Filled with Reason


In this passage we learn of the story of Mary where she took Gabriel’s invitation to participate in the redemptive narrative of God and accepted with everything in her, despite any fearful, sorrowful cost.

As the angel Gabriel appeared to Mary proclaiming all that would come to pass, she was perplexed, and yet the text reports that she believed.

“Nothing will be impossible with God,” the angel assured her, and he added news of another miracle close at hand: “Behold, your relative Elizabeth has also conceived a son in her old age. She who was called barren is now in her sixth month.”(1)

The scene is hardly the slow motion picture we often imagine it to be in Christmas plays. Undoubtedly as full of questions as she was faith, Mary nonetheless said to Gabriel, “May it be done to me according to your word.” And we are told that immediately Mary arose and went to the house of Elizabeth.

This visit seems a detail easily overlooked. If something fearful and wonderful were to affront the routine of your ordinary day, who would you run to tell first? Mary didn’t immediately run to the man she was promised to marry. She didn’t go first to the religious leaders for their insight into her encounter with God or to her parents for help in dealing with the ramifications of unwed motherhood. She went in a hurry to Elizabeth, though we are not entirely told why. Perhaps Mary was as startled about Elizabeth’s womb as she was about her own. Perhaps she ran to verify Gabriel’s words about her barren relative and in so doing the words about herself. Perhaps she rushed to the one person in her life who would be most conscious of the miraculous hand of God. I imagine a terrified but anticipant teenager running expectantly toward the house of her older relative. “Is it true?”

Yet instead of describing what was going on inside of Mary, the text describes what was going on inside of Elizabeth. As Mary burst through the door with her greeting, the child leaped inside Elizabeth’s womb and she was filled with the Holy Spirit. In a loud voice Elizabeth cried out: “How has it happened to me, that the mother of my Lord would come to me? For behold, when the sound of your greeting reached my ears, the baby leaped in my womb for joy. Blessed is she who believed that there would be a fulfillment of what had been spoken to her by the Lord.”

If Mary rushed to Elizabeth’s house for affirmation of all that was said to her and all that was to come, she did not turn away disheartened or disillusioned: God was surely among them. The truth of all that was spoken to Mary in a jarring visit from an angel was affirmed in that visit with Elizabeth. And Mary burst into song, uttering one of the most beautiful doxologies in all of Scripture:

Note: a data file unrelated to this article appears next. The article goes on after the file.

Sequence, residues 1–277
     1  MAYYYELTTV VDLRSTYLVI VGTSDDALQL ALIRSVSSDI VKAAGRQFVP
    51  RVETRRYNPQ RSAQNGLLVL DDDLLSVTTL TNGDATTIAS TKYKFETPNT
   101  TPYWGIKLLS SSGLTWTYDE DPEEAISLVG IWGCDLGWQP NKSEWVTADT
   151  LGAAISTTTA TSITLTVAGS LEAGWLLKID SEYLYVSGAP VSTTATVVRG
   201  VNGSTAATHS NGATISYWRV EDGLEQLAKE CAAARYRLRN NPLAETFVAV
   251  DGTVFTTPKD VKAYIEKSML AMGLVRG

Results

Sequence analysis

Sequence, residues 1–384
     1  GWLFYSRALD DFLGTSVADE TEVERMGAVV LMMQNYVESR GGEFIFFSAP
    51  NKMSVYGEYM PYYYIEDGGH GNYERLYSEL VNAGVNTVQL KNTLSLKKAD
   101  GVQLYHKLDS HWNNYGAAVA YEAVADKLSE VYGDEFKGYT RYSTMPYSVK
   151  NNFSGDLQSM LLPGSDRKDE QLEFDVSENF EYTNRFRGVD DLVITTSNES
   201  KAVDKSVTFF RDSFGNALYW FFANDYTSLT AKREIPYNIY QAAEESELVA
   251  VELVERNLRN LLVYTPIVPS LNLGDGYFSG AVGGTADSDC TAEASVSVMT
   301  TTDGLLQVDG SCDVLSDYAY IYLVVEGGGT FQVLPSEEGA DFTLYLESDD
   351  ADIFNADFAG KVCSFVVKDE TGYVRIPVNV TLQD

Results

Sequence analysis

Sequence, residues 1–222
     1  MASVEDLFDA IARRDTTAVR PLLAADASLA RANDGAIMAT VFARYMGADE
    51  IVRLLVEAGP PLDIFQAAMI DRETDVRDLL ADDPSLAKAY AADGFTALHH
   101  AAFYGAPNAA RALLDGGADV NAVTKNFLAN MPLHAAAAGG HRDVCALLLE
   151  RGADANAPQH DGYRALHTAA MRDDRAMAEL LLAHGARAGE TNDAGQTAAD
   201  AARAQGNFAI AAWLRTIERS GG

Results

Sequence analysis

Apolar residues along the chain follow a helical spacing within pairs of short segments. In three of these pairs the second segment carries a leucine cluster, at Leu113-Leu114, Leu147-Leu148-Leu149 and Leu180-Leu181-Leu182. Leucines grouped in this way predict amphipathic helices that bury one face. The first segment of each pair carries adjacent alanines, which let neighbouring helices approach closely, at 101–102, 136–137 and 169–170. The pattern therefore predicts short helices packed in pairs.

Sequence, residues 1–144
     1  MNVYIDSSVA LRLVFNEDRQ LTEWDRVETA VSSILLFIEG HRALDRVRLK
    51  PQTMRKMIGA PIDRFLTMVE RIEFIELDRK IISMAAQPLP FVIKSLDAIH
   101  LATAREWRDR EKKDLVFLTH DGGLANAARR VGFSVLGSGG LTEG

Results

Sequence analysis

My soul exalts the Lord,
And my spirit has rejoiced in God my Savior.
For God has had regard for the humble state of his bondslave;
For behold, from this time on all generations will count me blessed.

Two thousand years ago, a young girl somehow believed that the promises of God spoken to her were miraculous enough to affect generations to come. But more than recognizing God’s words as true, Mary allowed truth to turn her life in a direction she never would have dreamed for herself. She took Gabriel’s invitation to participate in the redemptive narrative of God and accepted with everything in her, despite any fearful, sorrowful cost. Such an orientation may seem irrational to many, but it reflects the beauty of a soul able to be filled with God. As Madeleine L’Engle observes in her poem “After Annunciation”: 

This is the irrational season
When love blooms bright and wild,
Had Mary been filled with reason
There’d have been no room for the child.

Mary received God and God’s promises as more than mere words. Beyond reason or rationality, she surrendered to God as author, allowing her life to be deeply and personally transformed, in both wonder and pain. Standing with Elizabeth, Mary praised the mighty one for the things God had done for her, knowing much was still yet to come for both. As was prophesied long before, the Messiah was drawing near, inviting the world to be filled with an invitation bright and wild. As was promised to Mary, the Holy Spirit came upon her, the power of the most high overshadowed her, and the holy child was the light of God.

(1) See Luke 1:36-48.


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